DOWN TO EARTH SIMPLE LIVING FORUMS

DOWN TO EARTH SIMPLE LIVING FORUMS
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3 November 2009

Ridged Ribbon Dishcloth and Biscuit Recipe

I'm sure you all know by now that I love knitting - dishcloths being a favourite subject of my affection. Well, I was reading a knitting book last week and came across a new (to me) pattern that I thought would make up a very nice dishcloth. I worked it over the weekend and have just taken a photo for you.



It has got a fair bit of texture so it will scrub well but the holes make it lighter than the average dishcloth. And the good bit it, it's a good pattern for a beginner. It uses mainly knit rows, with one purl row and one that will introduce two new techniques to you. It's called the Ridged Ribbon Eyelet pattern.

Your two new techniques are K2tog and yo. K2tog means knit two together and it means exactly that. Instead of doing your normal knit stitch you do it exactly as you normally would but you put your needle through two stitches, instead of one. Then knit as you would if you were doing your normal stitch. Watch this video to see how to K2tog.

Yo means yarn over.
That's it! It's a way of increasing one stitch (to replace the one you decreased with your k2tog) and will help make a hole. You'll only see the hole properly when you knit on and do another row. To do a yo - simply wind your yarn around your right needle - from back to front, you make a loop instead of a real stitch. Watch this video to see how to yo.



I used size 9 needles and Lions 100% cotton. The blue band is a bamboo and cotton blend. Cast on an uneven number of stitches, I cast on 31 but if you wanted a large cloth, go up to 39 or 41. Then:
Row one: Knit
Row two: Purl
Row three: Knit
Row four: Knit
Row five: *K2tog. yo; repeat from * to last stitch, K1. <- this means knit two together, then yarn over for the entire row, your last stitch is one plain knit stitch.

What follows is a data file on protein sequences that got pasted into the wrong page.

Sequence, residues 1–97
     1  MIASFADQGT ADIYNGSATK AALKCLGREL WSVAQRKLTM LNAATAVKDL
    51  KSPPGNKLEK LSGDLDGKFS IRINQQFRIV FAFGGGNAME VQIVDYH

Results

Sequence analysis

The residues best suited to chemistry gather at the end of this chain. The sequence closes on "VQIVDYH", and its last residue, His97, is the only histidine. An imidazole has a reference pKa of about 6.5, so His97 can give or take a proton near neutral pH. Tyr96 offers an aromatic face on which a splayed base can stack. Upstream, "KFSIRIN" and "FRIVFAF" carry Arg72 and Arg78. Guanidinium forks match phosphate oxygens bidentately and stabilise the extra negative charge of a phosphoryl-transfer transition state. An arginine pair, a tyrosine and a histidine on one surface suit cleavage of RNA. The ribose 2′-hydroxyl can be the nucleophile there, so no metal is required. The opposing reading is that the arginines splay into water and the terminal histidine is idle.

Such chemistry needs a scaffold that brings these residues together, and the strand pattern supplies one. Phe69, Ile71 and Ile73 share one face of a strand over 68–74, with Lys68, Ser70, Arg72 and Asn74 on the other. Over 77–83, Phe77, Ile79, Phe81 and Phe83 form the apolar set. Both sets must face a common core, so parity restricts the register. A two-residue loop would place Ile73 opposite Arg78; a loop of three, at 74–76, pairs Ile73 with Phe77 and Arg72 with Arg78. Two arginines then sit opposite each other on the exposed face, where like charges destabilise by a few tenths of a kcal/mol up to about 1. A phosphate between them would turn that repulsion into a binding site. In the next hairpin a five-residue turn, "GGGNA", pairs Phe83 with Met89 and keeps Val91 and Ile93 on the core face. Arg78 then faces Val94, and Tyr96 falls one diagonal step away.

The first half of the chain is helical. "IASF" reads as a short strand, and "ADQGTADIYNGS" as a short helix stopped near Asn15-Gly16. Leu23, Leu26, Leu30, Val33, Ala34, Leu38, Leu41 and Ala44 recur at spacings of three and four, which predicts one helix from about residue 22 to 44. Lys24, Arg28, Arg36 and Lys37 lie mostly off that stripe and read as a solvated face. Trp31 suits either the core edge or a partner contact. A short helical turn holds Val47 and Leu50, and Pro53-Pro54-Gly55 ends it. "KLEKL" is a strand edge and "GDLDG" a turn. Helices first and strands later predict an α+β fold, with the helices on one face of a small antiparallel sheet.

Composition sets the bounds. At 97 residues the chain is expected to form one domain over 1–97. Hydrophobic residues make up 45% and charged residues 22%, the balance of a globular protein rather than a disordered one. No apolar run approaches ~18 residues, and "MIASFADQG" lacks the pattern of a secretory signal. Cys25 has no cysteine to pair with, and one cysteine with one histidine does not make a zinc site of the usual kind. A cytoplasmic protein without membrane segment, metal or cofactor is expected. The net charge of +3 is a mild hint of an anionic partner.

Row six: Knit

Repeat the sequence until you have the length you want.

When you do the two next rows after your k2tog row, you'll see the pattern forming. This is a really good pattern to introduce you to two new stitches. I hope that if you are one of my new knitters, you'll try this as well. Let me know how you're going with your knitting and if you're enjoying it. If you have a photo of your knitting to send to me, please send it.

Here is Paula's recipe for Cheap and Easy Biscuits from the forum. I misread it - it makes almost 100 biscuits from this one recipe. BTW Paula, I gave this recipe to my friend Meryl yesterday. Meryl is the chief baker and fundraiser at our Centre, she is older than I am and very experienced with fete and stall cooking, she's never heard of this recipe either, but she loves it too. Thanks for sharing.

Originally Posted by paula hewitt on Down to Earth Forum
I bake all our biscuits, cakes and bread, so I am always on the lookout for recipes which are quick and easy. I thought I would share one of my favourite biscuit (cookie) recipes. It is easy, quick, cheap and it makes 7 or 8 dozen biscuits, which keep well. The dough and cooked biscuits keep well in the freezer. I use butter and wholemeal flour, but white flour and margarine can be substituted. I have only ever used tinned sweetened condensed milk in this recipe, but i imagine that Rhonda Jean's homemade condensed milk would work just as well.

makes 7-8 dozen, cook 10 min at 180C

500 grams butter (approx 1.1 lb)
1 can condensed milk (390-400 gram)
1 cup sugar
5 cups wholemeal self raising flour (or plain flour and baking powder)
toppings like choc chips, smarties, jam, cinnamon and sugar

cream butter and sugar, add condensed milk. stir in flour. roll into balls and flatten. top with choc chips etc, or thumbprint and add jam for jam drops.

bake at 180C for approx 10 min until golden brown. cool on racks


35 comments: